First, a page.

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  • Cerisola, M., and J. Chan-Lau, 2000, “Tales from Two Neighbors: Productivity Growth in Canada and the United States,” IMF Working Paper 00/169.

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  • Cuevas, A., M. Messmacher, and A. Werner, 2002, “Macroeconomic Synchronization Between Mexico and Its NAFTA Partners,” Working Paper (Mexico City: Central Bank of Mexico).

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  • Helbling, T., and T. Bayoumi, 2003, “Are They All in the Same Boat? The 2000–01 Growth Slowdown and the G-7 Business Cycle Linkages,” IMF Working Paper 03/46.

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  • Kose, M.A., C. Otrok, and C. Whiteman, 2003, “International Business Cycles: World, Region, and Country-Specific Factors,” American Economic Review, Vol. 93, pp. 121639.

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  • Kose, M.A., G. Meredith, and C. Towe, “How Has NAFTA Affected the Mexican Economy? Review and Evidence,” forthcoming in Weltwirtschaftliches Archiv (also IMF Working Paper 04/59).

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  • Kose, M.A., E.S. Prasad, and M.E. Terrones, “Volatility and Comovement in a Globalized World Economy: An Empirical Exploration,” in Macroeconomic Policies in the World Economy, edited by Horst Siebert, (Berlin: Springer-Verlag), forthcoming.

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  • Krueger, A.O., 1999, “Trade Creation and Trade Diversion Under NAFTA,” NBER Working Paper No. 7429 (Cambridge, Massachusetts: National Bureau of Economic Research).

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  • Krueger, A.O., 2000, “NAFTA’s Effects: A Preliminary Assessment,” The World Economy, Vol. 23, No. 6, pp. 76175.

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Visiting Scholars, January–March 2004

Christopher Adam; University of Oxford, United Kingdom; 1/12/04–1/16/04

Rajeev Ahuja; Indian Council for Research on International Economic Relations, India; 3/15/04–4/16/04

Jushan Bai; New York University; 3/22/04–3/26/04

Tito Boeri; IGIER-Bocconi, Italy; 1/12/04–1/16/04; 1/19/04–2/13/04

Michael Bordo; Rutgers University; 3/15/04–3/19/04

Edward Buffie; Indiana University; 1/12/04–1/16/04

Adeola Carim; Nigeria Institute of Social and Economic Research, Nigeria; 3/1/04–4/9/04

James Cassing; University of Pittsburgh; 3/1/04–3/12/04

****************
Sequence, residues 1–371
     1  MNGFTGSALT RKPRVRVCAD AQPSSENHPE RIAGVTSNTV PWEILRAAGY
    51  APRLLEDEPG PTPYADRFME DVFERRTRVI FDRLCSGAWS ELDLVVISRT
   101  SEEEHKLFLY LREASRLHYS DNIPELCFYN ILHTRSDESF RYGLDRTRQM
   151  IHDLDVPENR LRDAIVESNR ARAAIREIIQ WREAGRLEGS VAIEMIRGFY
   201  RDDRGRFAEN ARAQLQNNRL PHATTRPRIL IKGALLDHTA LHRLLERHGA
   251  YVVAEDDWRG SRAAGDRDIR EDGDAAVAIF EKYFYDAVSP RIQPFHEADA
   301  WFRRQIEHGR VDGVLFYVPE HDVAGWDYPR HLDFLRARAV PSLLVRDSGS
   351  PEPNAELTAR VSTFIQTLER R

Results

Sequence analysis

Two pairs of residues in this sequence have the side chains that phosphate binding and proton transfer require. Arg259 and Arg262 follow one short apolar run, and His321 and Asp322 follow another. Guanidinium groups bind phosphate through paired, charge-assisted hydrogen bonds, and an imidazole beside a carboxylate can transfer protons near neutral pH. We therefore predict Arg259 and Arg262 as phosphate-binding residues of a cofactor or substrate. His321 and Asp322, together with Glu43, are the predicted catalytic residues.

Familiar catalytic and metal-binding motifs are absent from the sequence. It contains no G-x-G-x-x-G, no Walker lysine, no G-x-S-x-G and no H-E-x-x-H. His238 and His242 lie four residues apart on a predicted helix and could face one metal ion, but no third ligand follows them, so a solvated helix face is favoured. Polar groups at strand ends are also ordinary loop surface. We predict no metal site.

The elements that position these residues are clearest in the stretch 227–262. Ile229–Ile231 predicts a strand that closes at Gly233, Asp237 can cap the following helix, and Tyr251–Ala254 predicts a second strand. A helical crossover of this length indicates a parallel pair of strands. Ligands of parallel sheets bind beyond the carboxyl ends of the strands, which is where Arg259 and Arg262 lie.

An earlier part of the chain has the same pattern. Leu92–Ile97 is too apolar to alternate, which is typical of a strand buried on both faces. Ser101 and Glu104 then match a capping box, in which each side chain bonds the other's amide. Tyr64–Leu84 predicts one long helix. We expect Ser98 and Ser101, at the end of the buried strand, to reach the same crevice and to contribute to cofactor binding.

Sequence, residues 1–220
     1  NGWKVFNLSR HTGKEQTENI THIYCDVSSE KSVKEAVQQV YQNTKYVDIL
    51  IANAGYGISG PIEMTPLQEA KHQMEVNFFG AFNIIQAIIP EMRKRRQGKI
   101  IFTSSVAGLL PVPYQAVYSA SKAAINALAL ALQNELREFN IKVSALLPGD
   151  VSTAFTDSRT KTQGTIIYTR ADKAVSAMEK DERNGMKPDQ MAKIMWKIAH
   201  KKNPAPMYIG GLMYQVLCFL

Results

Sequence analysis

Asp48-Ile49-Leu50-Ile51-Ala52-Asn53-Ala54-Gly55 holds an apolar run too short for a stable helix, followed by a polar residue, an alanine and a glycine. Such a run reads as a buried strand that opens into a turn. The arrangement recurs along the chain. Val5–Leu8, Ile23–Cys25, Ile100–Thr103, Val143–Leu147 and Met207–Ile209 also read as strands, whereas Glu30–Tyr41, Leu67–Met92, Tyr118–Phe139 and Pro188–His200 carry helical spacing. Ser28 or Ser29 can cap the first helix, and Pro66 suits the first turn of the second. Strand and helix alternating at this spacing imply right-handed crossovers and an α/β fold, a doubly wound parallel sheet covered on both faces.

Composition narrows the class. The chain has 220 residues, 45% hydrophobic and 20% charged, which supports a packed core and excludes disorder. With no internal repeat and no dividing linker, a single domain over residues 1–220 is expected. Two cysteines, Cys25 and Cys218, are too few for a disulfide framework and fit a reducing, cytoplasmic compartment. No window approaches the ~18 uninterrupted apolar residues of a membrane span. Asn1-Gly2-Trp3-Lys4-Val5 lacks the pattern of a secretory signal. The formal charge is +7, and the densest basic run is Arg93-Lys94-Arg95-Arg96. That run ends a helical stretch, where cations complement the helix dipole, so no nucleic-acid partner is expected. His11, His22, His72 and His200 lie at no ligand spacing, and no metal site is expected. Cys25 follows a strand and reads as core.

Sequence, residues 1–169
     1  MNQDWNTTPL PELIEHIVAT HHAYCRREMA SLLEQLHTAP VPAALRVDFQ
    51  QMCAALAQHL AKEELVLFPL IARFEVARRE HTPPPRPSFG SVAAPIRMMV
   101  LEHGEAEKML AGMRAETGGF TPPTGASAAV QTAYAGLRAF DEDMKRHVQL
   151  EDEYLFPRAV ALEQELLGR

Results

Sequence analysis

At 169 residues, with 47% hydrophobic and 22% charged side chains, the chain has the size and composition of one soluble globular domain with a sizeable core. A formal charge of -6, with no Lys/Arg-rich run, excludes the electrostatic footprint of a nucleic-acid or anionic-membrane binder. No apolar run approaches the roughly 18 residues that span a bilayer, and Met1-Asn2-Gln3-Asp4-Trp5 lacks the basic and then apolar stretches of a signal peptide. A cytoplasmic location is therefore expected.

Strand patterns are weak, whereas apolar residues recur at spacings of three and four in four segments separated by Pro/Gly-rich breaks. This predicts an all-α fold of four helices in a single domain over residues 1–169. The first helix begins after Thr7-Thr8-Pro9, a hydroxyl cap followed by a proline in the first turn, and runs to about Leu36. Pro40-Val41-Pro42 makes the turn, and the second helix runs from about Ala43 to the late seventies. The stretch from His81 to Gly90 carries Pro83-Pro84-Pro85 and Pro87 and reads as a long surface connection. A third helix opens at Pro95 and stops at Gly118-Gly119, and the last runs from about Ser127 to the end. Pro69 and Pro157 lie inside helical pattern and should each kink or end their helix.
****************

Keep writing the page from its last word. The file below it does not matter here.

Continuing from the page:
Roberto Chang; Rutgers University; 1/5/04–1/9/04

Oluwatoyin Chete; Nigerian Institute of Social and Economic Research, Nigeria; 3/1/04–4/9/04

Polona Domadenik; University of Ljubljana, Slovenia; 1/12/04–2/13/04

Gernot Doppelhofer; University of Cambridge, United Kingdom; 1/12/04–1/16/04

Allan Drazen; University of Maryland; 12/8/03–2/5/04

Karolina Ekholm; Stockholm School of Economics, Sweden; 2/17/04–3/31/04

Raymond Fisman; Columbia University; 2/17/04–4/30/04

Marc Flandreau; Institut d’Etudes Politiques, France; 3/29/04–4/1/04

Eric Friedman; Cornell University; 3/22/04–3/24/04

Alejandro Gay; National University of Cordoba, Argentina; 3/29/04–4/30/04

Simon Gilchrist; Boston University; 1/7/04–2/13/04

Harold James; Princeton University; 3/15/04–3/19/04

Jiandong Ju; University of Oklahoma; 2/17/04–2/20/04

Koe Patrice Kla; CIRES, Côte d’lvoire; 3/15/04–4/23/04

Philip Lane; Trinity College Dublin, Ireland; 2/2/04–3/25/04

Pablo Lopez-Murphy; University of California at Los Angeles; 1/6/04–2/2/04

Enrique Mendoza; University of Maryland; 12/8/03–1/30/04

Stephen O’Connell; Swarthmore College; 1/12/04–1/16/04

David Parsley; Owen Graduate School, Vanderbilt University; 3/1/04–3/12/04

Carmen Reinhart; University of Maryland; 11/14/03–4/30/04

Nidal Sabri; Birzeit University, Palestine; 1/26/04–2/27/04

Davit Sahakyan; Armsavings Bank, Yerevan, Republic of Armenia; 2/23/04–3/26/04

Christopher Sims; Princeton University, 5/19/03–4/30/04

Kenji Wada; Keio University, Japan; 3/29/04–4/2/04

Yishay Yafeh; The Hebrew University, Israel; 2/9/04–2/20/04

IMF Research Bulletin, June 2004
Author: International Monetary Fund. Research Dept.